h-index (Jorge E. Hirsch- 2005)
• A scientist has index h if h of [his/her] Np papers have at least h citations each, and the other (Np − h) papers have no more than h citations each.
H-index from a plot of decreasing citations for numbered papers

©2012 Nader Ale Ebrahim

g-index (Leo Egghe (2006))
• In order to give more weight to highly-cited articles Leo Egghe (2006) proposed the g-index. The g-index is defined as follows: [Given a set of articles] ranked in decreasing order of the number of citations that they received, the g-index is the (unique) largest number such that the top g articles received (together) at least g2 citations. Although the g-index has not yet attracted much attention or empirical verification, it would seem to be a very useful complement to the h-index.

©2012 Nader Ale Ebrahim

The Many and Variable Uses of Publish or Perish (PoP)- By: Anne-Wil Harzing –‖ Your guide to effective and responsible citation analysis‖
Academics that need to make their case for tenure or promotion will find PoP useful to create reference groups and show their citation record to its best advantage. When evaluating other academics, PoP can be used as a 5-minute preparation before meeting someone you don’t know, to evaluate editorial board members or prospective PhD supervisors, to write up tributes (or laudations) and eulogies, to decide on publication awards and to pre-pare for a job interview. Deans and other academic administrators will find PoP useful to evaluate tenure or promotion cases in a fair and equitable way. PoP can also be used to assist when you are uncertain which journal to submit it to. You can use it to get ideas of the types of journals that publish articles on the topic you are writing on and to compare a set of journals in terms of their citation impact. Once you have decided on the target journal, it can also help you to double-check that you haven’t missed any prior work from the journal in question. PoP can help you to do a quick literature review to identify the most cited articles and/or scholars in a particular field. It can be used to identify whether any research has been done in a particular area at all (useful for grant applications) or to evaluate the development of the literature in a particular topic over time. Finally, PoP is very well suited for doing bibliometric research on both authors and journals.
©2012 Nader Ale Ebrahim

How to measure h-index
1. 2. 3. 4. 5. 6. Web of Science - Science - Thomson Reuters Publish or Perish Microsoft Academic Search Add-on for Firefox: Scholar H-Index Calculator Quadsearch Scholarometer-add-on for the Mozilla Firefox and Google Chrome 7. scHolar index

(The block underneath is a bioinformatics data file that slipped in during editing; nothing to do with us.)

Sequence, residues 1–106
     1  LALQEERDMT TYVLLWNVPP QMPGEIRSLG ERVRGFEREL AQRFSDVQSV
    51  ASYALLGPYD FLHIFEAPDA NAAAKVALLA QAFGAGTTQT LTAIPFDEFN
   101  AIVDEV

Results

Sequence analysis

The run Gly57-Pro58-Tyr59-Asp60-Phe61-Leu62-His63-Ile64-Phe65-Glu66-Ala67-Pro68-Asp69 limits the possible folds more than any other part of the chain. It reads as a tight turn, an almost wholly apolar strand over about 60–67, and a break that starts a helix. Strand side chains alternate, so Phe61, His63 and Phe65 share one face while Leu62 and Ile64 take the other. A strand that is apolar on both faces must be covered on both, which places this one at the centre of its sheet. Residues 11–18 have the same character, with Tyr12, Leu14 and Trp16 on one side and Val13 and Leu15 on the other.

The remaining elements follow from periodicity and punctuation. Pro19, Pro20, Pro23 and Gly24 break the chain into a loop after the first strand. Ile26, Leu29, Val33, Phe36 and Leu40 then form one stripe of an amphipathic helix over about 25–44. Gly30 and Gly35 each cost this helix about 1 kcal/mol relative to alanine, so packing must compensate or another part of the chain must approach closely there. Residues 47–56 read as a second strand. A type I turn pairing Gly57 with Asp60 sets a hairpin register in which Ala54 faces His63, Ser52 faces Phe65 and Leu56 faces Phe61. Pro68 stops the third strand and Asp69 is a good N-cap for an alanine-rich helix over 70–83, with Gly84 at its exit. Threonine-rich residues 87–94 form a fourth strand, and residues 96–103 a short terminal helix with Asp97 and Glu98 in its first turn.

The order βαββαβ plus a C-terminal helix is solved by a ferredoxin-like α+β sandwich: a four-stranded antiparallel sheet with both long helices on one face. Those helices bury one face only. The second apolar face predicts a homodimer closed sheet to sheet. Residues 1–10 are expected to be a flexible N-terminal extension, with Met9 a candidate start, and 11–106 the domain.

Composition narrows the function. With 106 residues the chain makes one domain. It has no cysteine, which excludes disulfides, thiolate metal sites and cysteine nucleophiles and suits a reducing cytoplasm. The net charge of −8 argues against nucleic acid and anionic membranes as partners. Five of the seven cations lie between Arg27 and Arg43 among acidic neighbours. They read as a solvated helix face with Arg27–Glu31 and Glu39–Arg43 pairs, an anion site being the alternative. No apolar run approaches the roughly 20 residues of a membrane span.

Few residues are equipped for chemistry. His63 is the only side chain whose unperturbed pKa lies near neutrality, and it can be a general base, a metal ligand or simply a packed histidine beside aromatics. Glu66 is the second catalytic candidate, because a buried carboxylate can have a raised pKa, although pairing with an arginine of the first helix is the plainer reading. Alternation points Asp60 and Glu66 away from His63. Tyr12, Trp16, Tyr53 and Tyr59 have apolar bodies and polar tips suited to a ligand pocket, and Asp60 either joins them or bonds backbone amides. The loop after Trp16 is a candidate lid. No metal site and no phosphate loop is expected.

©2012 Nader Ale Ebrahim

©2012 Nader Ale Ebrahim

Optimizing Your Article for Search Engines

Source: http://authorservices.wiley.com/bauthor/seo.asp

©2012 Nader Ale Ebrahim

Optimizing Your Article for Search Engines
Optimizing your article for search engines will greatly increase its chance of being viewed and/or cited in another work. Citation indexes already figure in many disciplines as a measure of an article's value; there is evidence that article views/downloads are also beginning to count in the same way. The crucial area for optimization is your article's abstract, title and keywords, which are freely available to all online.
Source: http://authorservices.wiley.com/bauthor/seo.asp

©2012 Nader Ale Ebrahim

Understanding Search Engines
Each search engine has its own algorithms for ranking a piece of content, such as a journal article. However, many search engines estimate the content's relevancy and popularity as measured by links to the content from other websites. Most search engines attempt to identify the topic of the piece of content. To do this, some search engines still use metadata tags (invisible to the user) to assess relevant content, but most now scan a page for keyword phrases, giving extra weight to phrases in headings and to repeated phrases.
Source: http://authorservices.wiley.com/bauthor/seo.asp

©2012 Nader Ale Ebrahim

Strategies for Enhancing the Impact of Research Preparing for Publication

• Add the name of study in the title of all publications and use the same title/ name consistently. • Assign keyword terms to the manuscript. • Formulate a concise, well-constructed title and abstract. Include crucial keywords in the abstract. • Publish your work in an open access journal. • Consider the desired audience when choosing a journal for publication.